“The improvements in the workers’ compensation system will deliver major savings for businesses across the state, giving them the opportunity to use that extra money to make investments and create jobs in their communities,” Governor Cuomo said. “With the cost reductions in the workers’ compensation system, we are saving New York employers $800 million in 2013 and $300 million for each year moving forward – a tremendous savings that will be felt immediately by businesses, municipalities and school districts statewide. As we continue to make state government more efficient and take actions to make doing business in New York easier, we are also spearheading a comprehensive review of the current workers’ compensation system so that we can continue to find ways to deliver for our employers.”

Signed by the Governor as part of the 2013-14 budget, the Business Relief Act achieves $800 million in savings by reducing the cost to operate the workers’ compensation system, otherwise known as assessments, in two ways. Closing the Re-Opened Case Fund initially saves all New York State employers a $300 million annual assessment. In recent years, the cost of the Re-Opened Case Fund has grown exponentially while failing to serve its originally intended purpose. Closing the fund also reduces unnecessary litigation in the workers’ compensation system, another cost savings for employers.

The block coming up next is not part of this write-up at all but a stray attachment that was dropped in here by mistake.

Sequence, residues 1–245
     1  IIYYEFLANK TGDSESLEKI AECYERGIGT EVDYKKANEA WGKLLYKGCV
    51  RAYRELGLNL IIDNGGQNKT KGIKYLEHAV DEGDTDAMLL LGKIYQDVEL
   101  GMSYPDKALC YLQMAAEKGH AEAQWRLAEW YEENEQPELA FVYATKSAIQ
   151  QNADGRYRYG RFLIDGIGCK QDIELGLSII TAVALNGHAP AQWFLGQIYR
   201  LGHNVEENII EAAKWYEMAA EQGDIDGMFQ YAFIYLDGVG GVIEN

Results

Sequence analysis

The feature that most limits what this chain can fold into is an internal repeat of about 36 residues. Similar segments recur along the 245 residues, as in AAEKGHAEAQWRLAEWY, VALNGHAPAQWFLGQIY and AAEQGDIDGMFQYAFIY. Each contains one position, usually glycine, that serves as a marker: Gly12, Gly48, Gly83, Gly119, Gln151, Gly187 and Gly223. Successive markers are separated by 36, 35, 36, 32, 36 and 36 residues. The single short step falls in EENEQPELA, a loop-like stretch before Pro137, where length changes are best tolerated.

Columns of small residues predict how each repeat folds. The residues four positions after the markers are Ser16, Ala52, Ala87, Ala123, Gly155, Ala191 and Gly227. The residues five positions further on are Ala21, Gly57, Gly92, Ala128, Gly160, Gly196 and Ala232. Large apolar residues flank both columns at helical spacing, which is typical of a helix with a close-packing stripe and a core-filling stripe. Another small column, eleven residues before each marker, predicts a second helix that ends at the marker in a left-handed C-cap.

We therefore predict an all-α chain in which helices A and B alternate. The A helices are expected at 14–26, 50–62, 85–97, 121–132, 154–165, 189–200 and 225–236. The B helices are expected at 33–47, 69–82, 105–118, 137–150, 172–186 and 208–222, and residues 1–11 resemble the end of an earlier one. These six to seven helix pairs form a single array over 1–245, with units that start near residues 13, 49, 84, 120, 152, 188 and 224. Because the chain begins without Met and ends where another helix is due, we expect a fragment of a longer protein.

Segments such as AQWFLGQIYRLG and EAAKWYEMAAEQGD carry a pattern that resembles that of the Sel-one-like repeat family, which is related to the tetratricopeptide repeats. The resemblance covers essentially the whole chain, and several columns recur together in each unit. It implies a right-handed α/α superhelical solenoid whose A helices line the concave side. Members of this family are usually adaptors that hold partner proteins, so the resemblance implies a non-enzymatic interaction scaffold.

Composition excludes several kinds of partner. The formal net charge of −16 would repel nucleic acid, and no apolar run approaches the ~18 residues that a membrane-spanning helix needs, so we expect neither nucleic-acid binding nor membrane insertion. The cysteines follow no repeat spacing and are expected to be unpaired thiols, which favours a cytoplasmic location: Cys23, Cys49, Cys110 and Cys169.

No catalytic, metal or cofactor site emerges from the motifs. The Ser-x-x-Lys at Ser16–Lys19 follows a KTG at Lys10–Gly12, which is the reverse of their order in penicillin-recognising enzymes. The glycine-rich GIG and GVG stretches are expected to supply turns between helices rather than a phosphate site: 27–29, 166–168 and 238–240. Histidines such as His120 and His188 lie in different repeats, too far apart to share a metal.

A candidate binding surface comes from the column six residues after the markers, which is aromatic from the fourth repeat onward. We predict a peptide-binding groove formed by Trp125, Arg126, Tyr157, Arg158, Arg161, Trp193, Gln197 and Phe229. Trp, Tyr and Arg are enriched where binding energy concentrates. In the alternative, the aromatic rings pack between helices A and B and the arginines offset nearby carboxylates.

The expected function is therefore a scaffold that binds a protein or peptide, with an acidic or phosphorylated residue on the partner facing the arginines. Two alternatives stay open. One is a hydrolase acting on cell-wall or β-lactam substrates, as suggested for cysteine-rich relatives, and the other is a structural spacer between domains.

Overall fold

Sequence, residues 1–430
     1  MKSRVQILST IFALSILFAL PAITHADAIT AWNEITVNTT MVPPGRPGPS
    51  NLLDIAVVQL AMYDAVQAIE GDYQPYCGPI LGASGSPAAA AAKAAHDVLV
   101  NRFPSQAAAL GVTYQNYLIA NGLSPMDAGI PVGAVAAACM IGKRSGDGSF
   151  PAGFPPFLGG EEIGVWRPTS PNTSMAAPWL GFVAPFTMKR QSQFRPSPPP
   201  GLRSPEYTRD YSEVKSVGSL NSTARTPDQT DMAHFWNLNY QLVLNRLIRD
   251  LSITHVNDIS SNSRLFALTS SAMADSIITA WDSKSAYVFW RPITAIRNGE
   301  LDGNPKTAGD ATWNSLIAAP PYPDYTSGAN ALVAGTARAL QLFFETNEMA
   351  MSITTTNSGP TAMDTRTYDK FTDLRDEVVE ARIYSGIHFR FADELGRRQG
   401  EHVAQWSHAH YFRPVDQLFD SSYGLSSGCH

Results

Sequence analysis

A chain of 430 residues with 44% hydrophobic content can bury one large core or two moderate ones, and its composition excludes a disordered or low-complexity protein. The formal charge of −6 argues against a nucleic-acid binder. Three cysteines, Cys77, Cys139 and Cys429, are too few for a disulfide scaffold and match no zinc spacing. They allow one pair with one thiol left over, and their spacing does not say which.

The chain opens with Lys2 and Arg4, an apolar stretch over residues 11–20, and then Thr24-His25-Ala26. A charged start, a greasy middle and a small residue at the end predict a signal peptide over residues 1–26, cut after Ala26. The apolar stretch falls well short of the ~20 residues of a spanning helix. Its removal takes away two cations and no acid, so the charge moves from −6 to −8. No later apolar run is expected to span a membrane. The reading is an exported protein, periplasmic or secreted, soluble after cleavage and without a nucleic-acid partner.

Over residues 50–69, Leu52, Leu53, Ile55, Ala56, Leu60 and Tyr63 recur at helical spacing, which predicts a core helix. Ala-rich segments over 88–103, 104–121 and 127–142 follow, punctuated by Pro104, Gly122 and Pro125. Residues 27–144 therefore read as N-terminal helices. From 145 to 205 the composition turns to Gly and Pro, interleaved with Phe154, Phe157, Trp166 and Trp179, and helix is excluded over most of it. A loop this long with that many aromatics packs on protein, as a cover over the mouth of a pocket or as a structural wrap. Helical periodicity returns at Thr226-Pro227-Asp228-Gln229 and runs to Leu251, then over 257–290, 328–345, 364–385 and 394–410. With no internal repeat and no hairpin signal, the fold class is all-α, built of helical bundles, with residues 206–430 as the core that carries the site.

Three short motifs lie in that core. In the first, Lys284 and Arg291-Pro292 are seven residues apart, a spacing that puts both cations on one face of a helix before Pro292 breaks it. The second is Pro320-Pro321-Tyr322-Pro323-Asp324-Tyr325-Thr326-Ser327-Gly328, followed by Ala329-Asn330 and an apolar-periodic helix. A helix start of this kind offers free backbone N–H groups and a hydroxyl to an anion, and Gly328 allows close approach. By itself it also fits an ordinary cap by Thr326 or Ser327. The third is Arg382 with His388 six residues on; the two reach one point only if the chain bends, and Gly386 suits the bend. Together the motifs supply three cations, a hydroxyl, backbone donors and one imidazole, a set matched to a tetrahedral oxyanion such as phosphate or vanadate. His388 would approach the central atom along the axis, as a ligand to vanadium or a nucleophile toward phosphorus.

End of Life Care: Withholding Antibiotics

A few weeks ago I had a discussion with my good friend, Melissa Brown, A Law School Professor who teaches Elder Law and Social Policy, and expert in workers' compensation law. We discussed End of Life Care , and the withholding of antibiotics to treat infections. The moral and ethical issues are far reaching when balancing the quality of life issues in older patients.  Today post is shared from . I would encourage readers to read the entire article and linked material as the important issue will soon be in the forefront of care protocols in the US.